No, I’m not referring to Chet’s condition after his latest dose of Ritalin, cough drops, and glue sniffing. I just watched this movie on DVD.

I was very impressed. Great performances by both Robin Williams and Al Pacino and a great screenplay from start to finish. Some flaws held this movie back, but it still vies with Signs for best 2002 movie that I’ve seen. Considering Memento was one of my 2001 favorites, director Christopher Nolan is setting himself some high expectations for the future.

I have to believe Williams will be Oscar nominated for this role.

If you do a DVD buy or rental, make sure to watch the Christopher Nolan/Pacino “interview”.

I’d say Christopher Nolan is probably the most exciting young director in Hollywood, although he’ll have to move away from his trademark “mental state of man deteriorating” eventually and that will be his challenge.

This was a pretty good movie that I think did pretty badly at the box office. Definitely very good performances by both Robin Williams and Al Pacino–he even went without his trademark “yelling-at-the-top-of-my-voice” scene that he usually has in every film. The story was solid and the premise was interesting.

It made about 65 million, which isn’t too horrible considering the movie wasn’t an action packed adrenaline ride and released up against high profile movies. Granted it didnt generate the same profits/buzz Memento did but it didnt tank like Pluto nash.

It actually did really well at the box office, for a low budget film, because it received some reasonable promotion, unlike Memento. I just don’t understand why Memento didn’t get wide release – clearly the studio thinks the average joe movie goer is a moron.

That’s alot of favorites.

Insomnia is the third best of Nolan’s three films, with Memento being first and Following second. And Following is mostly good as a sort of confused blueprint for Memento. I liked Insomnia, but not as much as the original, where the morality was far more ambiguous because it didn’t have the “cop under investigation” subplot. And also because Stellan Skarsgaard > Al Pacino.

I thought it was an OK movie, but I just didn’t enjoy it like so many others seem to have. The story wasn’t bad, but the whole “insomnia” hook didn’t really go anywhere and made for some boring and awkward scenes.

On the acting front, I am so sick of Al Pacino playing the same role in every movie. The man has no range left in him. People complain about Ben Afleck and George Clooney playing essentially the same characters in every film, but Pacino has been getting away with it for the last 2 decades. In this film, he’s the moody veteran coach from Any Given Sunday, but with a badge.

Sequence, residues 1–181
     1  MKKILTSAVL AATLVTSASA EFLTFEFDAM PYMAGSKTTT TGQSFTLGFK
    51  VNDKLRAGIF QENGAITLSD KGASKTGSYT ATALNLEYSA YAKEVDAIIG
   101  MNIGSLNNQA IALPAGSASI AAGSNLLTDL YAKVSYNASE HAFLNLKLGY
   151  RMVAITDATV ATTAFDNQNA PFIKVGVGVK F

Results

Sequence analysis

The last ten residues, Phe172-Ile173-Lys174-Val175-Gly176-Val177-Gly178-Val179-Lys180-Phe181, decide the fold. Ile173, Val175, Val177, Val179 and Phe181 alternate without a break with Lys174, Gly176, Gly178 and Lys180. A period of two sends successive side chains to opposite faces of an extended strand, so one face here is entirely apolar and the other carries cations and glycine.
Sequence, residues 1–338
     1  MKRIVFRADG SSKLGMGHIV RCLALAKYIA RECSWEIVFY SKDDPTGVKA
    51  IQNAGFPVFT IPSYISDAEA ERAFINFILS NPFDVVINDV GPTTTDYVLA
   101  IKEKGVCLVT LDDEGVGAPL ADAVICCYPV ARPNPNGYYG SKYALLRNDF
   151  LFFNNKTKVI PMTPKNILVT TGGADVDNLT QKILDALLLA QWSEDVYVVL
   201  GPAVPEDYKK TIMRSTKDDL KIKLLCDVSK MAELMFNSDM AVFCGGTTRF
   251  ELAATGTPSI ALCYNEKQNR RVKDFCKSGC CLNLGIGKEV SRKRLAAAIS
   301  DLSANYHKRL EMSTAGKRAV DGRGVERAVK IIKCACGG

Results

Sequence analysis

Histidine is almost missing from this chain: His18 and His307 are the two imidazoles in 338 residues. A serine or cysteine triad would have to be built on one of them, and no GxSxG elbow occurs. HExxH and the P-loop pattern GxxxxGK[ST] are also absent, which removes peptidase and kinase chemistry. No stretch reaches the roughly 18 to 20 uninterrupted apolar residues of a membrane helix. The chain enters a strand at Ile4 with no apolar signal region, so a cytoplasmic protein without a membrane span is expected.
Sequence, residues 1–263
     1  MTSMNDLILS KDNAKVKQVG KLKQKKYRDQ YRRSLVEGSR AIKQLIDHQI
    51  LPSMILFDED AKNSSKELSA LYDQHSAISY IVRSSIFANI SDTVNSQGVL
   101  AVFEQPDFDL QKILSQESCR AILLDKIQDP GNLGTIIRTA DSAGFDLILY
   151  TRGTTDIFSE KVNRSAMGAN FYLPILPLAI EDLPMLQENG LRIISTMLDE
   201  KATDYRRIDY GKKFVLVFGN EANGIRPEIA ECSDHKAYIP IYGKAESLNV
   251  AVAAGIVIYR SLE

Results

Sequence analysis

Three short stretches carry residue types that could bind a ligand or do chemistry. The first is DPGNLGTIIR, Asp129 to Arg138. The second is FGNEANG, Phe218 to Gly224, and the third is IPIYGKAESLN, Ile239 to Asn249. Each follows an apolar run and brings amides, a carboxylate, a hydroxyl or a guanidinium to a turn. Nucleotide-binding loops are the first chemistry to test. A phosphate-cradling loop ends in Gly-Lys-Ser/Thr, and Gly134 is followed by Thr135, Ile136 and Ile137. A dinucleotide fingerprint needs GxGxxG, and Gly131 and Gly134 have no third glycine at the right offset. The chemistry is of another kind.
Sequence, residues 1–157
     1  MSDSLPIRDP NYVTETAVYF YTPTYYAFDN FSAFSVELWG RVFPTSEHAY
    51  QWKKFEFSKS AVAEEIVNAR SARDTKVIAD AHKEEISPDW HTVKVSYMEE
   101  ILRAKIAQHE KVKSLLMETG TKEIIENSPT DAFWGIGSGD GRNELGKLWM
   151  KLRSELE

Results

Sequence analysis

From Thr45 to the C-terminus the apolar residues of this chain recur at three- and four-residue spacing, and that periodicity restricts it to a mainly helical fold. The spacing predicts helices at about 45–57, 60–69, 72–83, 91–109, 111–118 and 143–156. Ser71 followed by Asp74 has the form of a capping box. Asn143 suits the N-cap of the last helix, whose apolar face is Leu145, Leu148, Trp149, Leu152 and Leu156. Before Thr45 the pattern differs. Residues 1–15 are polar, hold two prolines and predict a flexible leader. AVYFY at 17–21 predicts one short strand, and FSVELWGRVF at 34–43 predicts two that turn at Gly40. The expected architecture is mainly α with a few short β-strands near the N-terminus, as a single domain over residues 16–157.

Robin Williams was great in Insomnia though. Not once did I think “look, it’s Robin Williams playing a dramatic character.” He did a great job protraying his character as an author who may have read one too many of his own books.

Completely agree on all points. Now, where’s 24 hour party people playing? Heh, I’ve all of Winterbottom’s films to some degree, at least, so I’ll probably like it as well.

I thought the remake was better than the original. The cop-under-investigation part gave some significance to the death of his partner; in the original it was just a dumb accident, and there was no huge reason to cover it up. This made the central figure seem sociopathic which made the Dutch version rather tensionless compared to the American. In the American version, there is always the suspicion that Pacino really wanted his partner dead–yet Pacino continually tries to see himself as “good”. In the Dutch version, there’s no motive for the protagonist to kill his partner, but it doesn’t matter because the protagonist doesn’t see himself as “good” anyway.

One of the rare instances where making the protagonist more conventionally “heroic” (and the villain more villainous) actually made for a more complex character and a more involving film.

I believe the original film was Norwegian, not Dutch.

Or was it Danish? There’s really no excuse for confusing Danish and Dutch.

Let’s see how many Northern Europeans I can offend in one thread.

I think it was a Danish film about a Swede solving a crime in Norway.

Which is exactly why I liked the original better. It’s not about a “hot-shot cop with everything at stake!” It’s about a fairly bad cop, who has been sent to this remote place for reasons we are never privy to, and as the film goes on he reveals himself to be a near sociopath.

It’s my problem with so many (primarily American) films: why do they have to be larger than life? It’s what I call the “short cuts” syndrome; normal problems aren’t good enough. I recently watched “In the Bedroom,” which is a great film up until the last 30 minutes. Watch “Ordinary People” and see how a very similar film can come to a natural conclusion without resorting to ridiculousness. Or even “You Can Count on Me.”